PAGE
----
Thursday, March 15, 2012


Sisterhood takes a turn for the worse in Out by Natsuo Kirino when four women in no-hope jobs have a murder to cover up. This is no 9 to 5 romp where a group of gals try to cover-up a murder and out pops bonding, empowerment and happy endings. Out is more a spiral of desperate and questionable choices out of Dostoyevsky.
Pretty Yayoi works the night shift in a Tokyo factory that produces boxed lunches. During the day she battles with a cheating husband who gambles away what little income she brings in. When rage and frustration lead to murder, Yayoi looks to older, wiser co-worker Masako for help. In an attempt to extricate Yayoi, Masako enlists two other co-workers help in getting rid of the body. All four of these women are smart and caring but they are also trapped in lives that are grimly doomed to never get beyond a difficult daily struggle survive. As loyalties, violence, money, accessories to murder, body parts, police, gangsters, pimps, casinos and the power of self-preservation collide with tenuous friendships a riveting and realistic read opens up.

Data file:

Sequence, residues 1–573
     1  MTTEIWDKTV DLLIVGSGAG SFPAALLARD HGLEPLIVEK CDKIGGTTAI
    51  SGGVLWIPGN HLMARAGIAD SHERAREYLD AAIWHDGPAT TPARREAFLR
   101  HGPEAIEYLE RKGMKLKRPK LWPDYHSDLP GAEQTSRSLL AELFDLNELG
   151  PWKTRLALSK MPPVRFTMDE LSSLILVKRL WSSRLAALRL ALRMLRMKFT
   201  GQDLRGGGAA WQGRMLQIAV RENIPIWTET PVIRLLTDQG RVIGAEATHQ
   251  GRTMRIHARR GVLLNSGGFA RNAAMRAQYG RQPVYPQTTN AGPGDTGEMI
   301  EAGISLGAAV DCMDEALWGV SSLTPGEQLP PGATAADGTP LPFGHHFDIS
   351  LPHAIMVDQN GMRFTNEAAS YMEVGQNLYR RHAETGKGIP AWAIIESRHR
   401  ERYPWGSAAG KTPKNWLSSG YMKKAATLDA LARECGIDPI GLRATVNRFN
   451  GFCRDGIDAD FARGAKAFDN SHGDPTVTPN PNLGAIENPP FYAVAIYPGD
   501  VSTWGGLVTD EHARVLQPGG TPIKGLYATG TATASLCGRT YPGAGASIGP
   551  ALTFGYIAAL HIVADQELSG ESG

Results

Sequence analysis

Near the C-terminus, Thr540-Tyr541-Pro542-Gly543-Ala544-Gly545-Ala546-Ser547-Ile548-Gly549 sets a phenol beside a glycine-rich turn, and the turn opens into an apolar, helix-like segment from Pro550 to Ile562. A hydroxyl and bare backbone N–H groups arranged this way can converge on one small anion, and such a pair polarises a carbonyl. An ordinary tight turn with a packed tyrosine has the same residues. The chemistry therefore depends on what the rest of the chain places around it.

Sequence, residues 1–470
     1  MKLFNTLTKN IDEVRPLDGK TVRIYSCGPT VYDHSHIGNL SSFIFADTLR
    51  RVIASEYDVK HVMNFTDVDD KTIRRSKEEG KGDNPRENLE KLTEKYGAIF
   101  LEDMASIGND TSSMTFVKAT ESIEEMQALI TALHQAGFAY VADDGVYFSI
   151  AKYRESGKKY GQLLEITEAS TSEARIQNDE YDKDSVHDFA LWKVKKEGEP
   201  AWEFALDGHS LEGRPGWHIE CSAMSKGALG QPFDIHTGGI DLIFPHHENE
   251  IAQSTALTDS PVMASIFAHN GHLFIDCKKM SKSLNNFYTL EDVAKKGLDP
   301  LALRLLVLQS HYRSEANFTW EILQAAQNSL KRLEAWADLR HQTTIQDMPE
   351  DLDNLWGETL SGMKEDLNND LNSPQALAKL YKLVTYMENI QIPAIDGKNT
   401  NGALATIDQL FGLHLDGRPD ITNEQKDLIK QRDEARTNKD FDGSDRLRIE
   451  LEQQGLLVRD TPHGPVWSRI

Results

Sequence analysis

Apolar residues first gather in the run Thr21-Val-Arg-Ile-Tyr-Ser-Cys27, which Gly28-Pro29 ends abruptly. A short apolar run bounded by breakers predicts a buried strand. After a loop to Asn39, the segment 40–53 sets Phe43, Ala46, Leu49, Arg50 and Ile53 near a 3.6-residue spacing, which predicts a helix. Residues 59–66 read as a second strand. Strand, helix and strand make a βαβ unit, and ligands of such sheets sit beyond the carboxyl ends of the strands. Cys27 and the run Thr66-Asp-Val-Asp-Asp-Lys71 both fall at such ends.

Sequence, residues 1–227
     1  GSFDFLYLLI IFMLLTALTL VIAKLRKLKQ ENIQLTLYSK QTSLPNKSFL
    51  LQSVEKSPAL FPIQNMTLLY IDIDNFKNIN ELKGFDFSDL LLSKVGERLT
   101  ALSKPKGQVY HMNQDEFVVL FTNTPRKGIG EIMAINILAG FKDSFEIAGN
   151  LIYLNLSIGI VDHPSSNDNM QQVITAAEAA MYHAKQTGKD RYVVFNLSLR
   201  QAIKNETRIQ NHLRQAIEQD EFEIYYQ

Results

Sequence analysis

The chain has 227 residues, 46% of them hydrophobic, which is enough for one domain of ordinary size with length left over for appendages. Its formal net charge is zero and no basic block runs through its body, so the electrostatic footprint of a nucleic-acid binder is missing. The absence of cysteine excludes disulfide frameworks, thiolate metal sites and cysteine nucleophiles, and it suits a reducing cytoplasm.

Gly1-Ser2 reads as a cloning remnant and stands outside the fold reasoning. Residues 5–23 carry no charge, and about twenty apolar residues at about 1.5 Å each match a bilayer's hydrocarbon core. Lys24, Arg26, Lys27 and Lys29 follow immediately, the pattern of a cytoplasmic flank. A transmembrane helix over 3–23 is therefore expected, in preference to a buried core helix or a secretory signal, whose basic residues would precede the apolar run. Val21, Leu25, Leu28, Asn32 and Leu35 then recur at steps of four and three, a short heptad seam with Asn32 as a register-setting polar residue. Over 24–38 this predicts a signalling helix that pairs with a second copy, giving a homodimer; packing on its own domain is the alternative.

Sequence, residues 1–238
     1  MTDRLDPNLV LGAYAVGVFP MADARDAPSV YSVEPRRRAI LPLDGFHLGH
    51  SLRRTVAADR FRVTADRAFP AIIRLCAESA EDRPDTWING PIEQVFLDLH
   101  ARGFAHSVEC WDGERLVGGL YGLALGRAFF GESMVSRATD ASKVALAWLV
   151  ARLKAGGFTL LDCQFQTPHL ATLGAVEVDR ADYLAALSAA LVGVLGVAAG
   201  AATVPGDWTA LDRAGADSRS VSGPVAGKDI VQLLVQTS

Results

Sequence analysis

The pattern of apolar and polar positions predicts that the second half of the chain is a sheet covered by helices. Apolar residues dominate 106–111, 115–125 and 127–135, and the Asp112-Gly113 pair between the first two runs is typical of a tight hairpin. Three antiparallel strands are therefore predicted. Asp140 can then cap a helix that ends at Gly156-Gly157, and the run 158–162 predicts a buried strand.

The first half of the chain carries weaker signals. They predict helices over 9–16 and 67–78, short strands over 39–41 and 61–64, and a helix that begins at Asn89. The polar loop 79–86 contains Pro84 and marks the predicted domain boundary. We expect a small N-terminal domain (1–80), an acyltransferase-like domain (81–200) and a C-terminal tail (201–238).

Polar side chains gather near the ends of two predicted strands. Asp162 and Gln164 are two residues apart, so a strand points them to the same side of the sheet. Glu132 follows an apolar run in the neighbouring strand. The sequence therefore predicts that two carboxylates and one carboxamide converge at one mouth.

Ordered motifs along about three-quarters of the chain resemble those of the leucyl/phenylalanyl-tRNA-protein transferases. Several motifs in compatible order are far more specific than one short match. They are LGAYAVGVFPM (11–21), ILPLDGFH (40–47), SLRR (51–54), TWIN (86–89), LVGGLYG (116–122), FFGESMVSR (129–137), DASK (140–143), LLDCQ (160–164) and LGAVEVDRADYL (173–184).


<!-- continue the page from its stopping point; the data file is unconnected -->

If the thought of reading about Japan and/or Japanese women conjures up images of cherry blossoms and geishas think again. You will find none of that picture postcard fodder in Out. Kirino’s description of the underbelly of Tokyo is as sensational and gritty as her characters are. This is a tasty slice of hard boiled life. Out is as dark and revenge filled as any noir novel populated by men and twice as psychologically shrewd.

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